5. Mysteries. I don’t think there are many people in the world that don’t love a good mystery. I could be wrong. Mysteries are engaging, involve critical thinking, and generally create this need to complete it before you move on. This all applies to children too! So how can you bring mysteries into the classroom? Why not try my mystery cards? Students work through a set of cards answering math questions and the answer brings them one step closer to solving the mystery.

6. Color By Number. Color-by-number math activities work as a great early finisher activity and allow students to review the math concept they need to work on. Students enjoy coloring (I do too still as an adult) and it keeps them quiet for those few minutes when you need to just take a quick breather.

7. Math Puzzles. Puzzles are the perfect math activities to use in centers or for an early finisher activity. Students can also use these independently as a way to review important math concepts because they are self-checking. The puzzles I’m referring to are my Start2Finish Puzzles. In these puzzles, students begin with the start strip that has a math problem on it. Then they find the next strip that has the answer to that start strip in a star. They continue down the line until they end up with the finish strip. Students really love these puzzles!

8. Riddles. Ever since I was a kid I have always loved riddles, puns, and jokes. If you throw mystery in (as described above), you have quite the equation. There are many math picture books out there that include riddles, especially if you are familiar with Greg Tang that you can use to engage your students during math. Another option would be resources that reveal the answers to riddles and puns as students complete the resource such as my mixed-up mystery puzzles. Students cut out the mixed-up squares and glue the answer on top of the matching problem. When finished, the answer to the riddle will be revealed. Students can then color the image if they desire.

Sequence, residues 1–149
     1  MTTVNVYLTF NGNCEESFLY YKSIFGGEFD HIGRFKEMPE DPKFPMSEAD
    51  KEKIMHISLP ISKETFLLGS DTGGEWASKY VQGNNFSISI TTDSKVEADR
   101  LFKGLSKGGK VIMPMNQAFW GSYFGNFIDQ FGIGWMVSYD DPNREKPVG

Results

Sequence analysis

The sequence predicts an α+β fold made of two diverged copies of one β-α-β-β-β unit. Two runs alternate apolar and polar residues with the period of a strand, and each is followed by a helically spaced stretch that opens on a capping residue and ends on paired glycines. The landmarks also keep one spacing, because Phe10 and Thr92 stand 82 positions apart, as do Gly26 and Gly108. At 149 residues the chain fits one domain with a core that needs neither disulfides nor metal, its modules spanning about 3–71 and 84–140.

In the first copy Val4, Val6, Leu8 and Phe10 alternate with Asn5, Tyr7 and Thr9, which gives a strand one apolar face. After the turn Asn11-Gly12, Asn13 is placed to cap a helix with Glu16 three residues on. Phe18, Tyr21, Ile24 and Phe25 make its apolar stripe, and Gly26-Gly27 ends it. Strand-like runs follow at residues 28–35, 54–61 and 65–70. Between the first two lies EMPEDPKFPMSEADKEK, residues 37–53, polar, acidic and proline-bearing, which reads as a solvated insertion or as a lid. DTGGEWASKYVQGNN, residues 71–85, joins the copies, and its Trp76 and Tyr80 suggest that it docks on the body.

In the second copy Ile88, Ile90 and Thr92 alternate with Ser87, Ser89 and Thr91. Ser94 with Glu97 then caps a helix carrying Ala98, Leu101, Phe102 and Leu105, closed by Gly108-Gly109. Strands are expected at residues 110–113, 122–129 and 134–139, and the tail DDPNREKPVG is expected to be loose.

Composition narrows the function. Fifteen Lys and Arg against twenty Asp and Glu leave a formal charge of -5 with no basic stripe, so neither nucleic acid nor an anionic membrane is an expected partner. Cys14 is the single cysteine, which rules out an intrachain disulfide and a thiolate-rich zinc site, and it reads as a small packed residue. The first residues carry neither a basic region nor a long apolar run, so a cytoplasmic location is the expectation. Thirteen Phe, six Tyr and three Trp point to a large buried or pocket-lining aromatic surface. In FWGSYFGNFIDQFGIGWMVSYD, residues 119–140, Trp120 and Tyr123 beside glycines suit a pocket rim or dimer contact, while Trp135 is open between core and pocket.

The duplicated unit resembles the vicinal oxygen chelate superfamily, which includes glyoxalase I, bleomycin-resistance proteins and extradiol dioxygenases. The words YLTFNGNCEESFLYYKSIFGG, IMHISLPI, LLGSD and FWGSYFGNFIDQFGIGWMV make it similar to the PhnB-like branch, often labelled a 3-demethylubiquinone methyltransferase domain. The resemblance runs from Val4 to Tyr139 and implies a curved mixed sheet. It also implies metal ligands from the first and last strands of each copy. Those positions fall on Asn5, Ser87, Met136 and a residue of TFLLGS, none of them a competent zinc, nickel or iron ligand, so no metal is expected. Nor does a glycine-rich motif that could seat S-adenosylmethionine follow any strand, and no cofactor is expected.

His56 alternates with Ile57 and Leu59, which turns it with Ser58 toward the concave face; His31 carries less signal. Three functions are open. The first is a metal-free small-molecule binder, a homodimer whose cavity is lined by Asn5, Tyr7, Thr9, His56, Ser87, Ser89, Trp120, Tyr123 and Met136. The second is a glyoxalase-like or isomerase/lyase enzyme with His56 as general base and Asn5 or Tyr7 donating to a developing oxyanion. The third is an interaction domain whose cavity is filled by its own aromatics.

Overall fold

9. Project-Based Learning. I have definitely talked about project-based learning many times before on my site. A quick search in the bar over there will pull up many previous posts including Online PBL Projects for Elementary Students and Teaching Area Using Applied Math. Project-based learning allows students to apply their math skills to real-life situations and to use their higher-level thinking skills. The one below is my Area and Perimeter PBL Where students move furniture around to design their house.

10. Technology. What kid doesn’t love technology? While the majority of my resources do have both digital and print versions, I have some that are only digital. For instance, teachers love my riddle reveal cards where students practice math skills through the Boom Card Platform. As they progress, they uncover a picture that reveals a riddle. It’s the perfect activity for reviewing important math concepts.

These activities are all perfect for practicing and reviewing important math skills or for math centers in your classroom. You can also use them for early finishers. With these 10 engaging math activities, your students are sure to love math again!